Nine Years After Tiananmen, China's Leaders More Lenient
Former top party leader, jailed for leniency, spoke on June 4 anniversary against massacre.
BEIJING — Here's an example of how much China has changed in the nine years since the military massacre of pro-democracy protesters:
Yesterday, on the anniversary of the June 4 incident, the top Chinese official imprisoned for opposing the attack was able to publicly denounce it again.
Bao Tong, who stood near the pinnacle of power before being thrown into jail for seven years, said, "June 4  is a tragedy for the entire country and the entire Chinese race."
Until May of 1989, he was the secretary of the Communist Party's Politburo and tried to persuade the party to negotiate with demonstrators. He was arrested just days before Operation Tiananmen for allegedly leaking details of the planned military action.
Since his release two years ago, he has been under tight surveillance, and has only in the last few days dared to speak out. But he and other advocates of political reform see signs of a new leniency since the 1997 death of supreme leader Deng Xiaoping.
Party chief Jiang Zemin "appears to be more tolerant of different views," says Wang Youcai, a former student leader who was jailed for two years after 1989.
In the nine years since Bao began his confinement, Chinese society has undergone massive changes.
"Except for political activists, most Chinese citizens enjoy more personal freedoms than at any time in history," says a Western official in Beijing.
Indeed, at Beijing University, which was at the eye of the pro-democracy tornadoes that swept through Beijing and other Chinese cities in 1989, a veneer of calm now envelops the campus.
If the antigovernment posters that were plastered across the university in 1989 still exist, they can only be stored away in dusty attics or in the closets of memory.
Benetton, not protest
Nine years after students at China's top center of learning led a peaceful uprising for political change here, the walled campus, and the city and country outside, have changed almost beyond recognition.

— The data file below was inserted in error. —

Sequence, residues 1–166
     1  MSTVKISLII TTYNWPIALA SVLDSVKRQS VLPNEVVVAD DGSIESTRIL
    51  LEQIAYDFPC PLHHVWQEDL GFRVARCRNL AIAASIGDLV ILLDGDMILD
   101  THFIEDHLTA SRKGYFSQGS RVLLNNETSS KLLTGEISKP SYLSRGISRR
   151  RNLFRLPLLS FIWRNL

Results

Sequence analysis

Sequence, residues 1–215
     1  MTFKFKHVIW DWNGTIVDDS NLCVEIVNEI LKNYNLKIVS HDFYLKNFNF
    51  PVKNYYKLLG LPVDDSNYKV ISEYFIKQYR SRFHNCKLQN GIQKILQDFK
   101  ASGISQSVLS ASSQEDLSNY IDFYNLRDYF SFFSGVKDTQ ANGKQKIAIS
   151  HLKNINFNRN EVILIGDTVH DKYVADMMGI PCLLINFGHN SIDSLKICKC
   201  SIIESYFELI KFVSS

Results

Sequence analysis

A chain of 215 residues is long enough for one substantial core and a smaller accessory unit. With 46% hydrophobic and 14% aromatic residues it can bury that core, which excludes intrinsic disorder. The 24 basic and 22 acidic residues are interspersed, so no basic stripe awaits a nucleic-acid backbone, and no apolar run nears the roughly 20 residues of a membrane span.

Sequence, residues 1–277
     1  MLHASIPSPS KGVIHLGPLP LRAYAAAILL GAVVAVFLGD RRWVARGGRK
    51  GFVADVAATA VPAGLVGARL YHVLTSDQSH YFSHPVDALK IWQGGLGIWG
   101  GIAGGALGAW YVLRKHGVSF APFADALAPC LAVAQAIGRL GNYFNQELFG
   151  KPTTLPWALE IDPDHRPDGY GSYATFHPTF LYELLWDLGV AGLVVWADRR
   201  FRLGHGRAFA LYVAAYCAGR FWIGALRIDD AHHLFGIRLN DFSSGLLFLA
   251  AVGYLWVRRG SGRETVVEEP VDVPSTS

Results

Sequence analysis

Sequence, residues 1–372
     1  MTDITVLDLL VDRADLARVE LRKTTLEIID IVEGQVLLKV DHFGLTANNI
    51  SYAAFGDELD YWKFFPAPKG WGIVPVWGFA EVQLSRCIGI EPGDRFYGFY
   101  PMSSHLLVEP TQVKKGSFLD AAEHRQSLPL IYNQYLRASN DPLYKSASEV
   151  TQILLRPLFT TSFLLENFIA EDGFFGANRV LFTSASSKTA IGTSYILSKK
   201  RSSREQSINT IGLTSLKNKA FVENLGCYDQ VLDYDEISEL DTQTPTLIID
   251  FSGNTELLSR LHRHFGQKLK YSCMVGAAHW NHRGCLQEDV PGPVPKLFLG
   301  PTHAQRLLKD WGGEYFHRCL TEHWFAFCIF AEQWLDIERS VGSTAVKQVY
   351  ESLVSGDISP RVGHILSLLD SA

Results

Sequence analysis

The triangular forum for free speech at the school's center, formerly flooded by pro-democracy activists and handbills, now sports ads for Benetton clothing, Microsoft software, and costly night classes for students seeking to study in the US.
At nearby Dormitory 28, where defiant students set up their own primitive radio station to fan the flames of 1989's protests, a compact disc player blasts out Sheryl Crow, Hanson, and other pop singers on an American compilation that is now at the top of the Chinese charts.
"Most students, either out of cynicism or self-interest, now want to concentrate on improving their own future rather than that of the country," says an English literature major who asked not to be identified.
"Money, fun, upward mobility, and study abroad are the primary goals on campus now, and I can't imagine anyone calling for a new student movement," she adds.
After 1989, a brain drain to US
After Chinese troops shot their way through Beijing to reclaim Tiananmen Square from protesting youths in 1989, the party focused its crackdown on Beijing University.
Although the strategy succeeded in ending public dissent, it also caused growing waves of students from China's top school to abandon their country for studies in America, says a diplomat in Beijing. "More than one quarter of Beijing University's class of 1996 are now in the US," he adds.
To stem the brain drain, "Beijing began loosening social and economic - but not political - controls over China's educated elite," says Mr. Wang.
Today, there are growing signs the party may be trying to forge a post-Tiananmen reconciliation between China's rulers and thinkers, while reserving coercive measures to silence those who continue to speak out against the crackdown.
Wang says that when he attempted to attend the school's 100th anniversary celebrations last month, "About 10 policemen surrounded me and forced me to leave Beijing."
The following day, he says, "The police escorted me onto a plane and held me incommunicado at a hotel in Zhejiang Province for 10 days."
Wang says that although he has never attempted to organize any protests or other antigovernment activities since being released from prison in 1991, he is still routinely followed and his friends are interrogated after meeting him.
Shang Dewen, an economics professor at Beijing University, marked this year's anniversary of the Tiananmen assault by calling for a political system that seems to be patterned after the US.
"China should hold a convention to write a completely new constitution," says Professor Shang. "The government should be split into three co-equal branches, with the president, legislature, and judiciary all chosen through national elections." He would have been locked up if he issued his manifesto two years ago.
That Shang has not yet been arrested is a clear sign of the new level of tolerance displayed by China's leaders.
But it is unclear whether the party's patience eventually will break and a new crackdown will be unleashed, or, if Beijing will gradually concede that it was a tragic mistake to deploy tanks and troops against peaceful protesters.
"In 1989, history went backward," says Tong. "But sooner or later, it must go forward."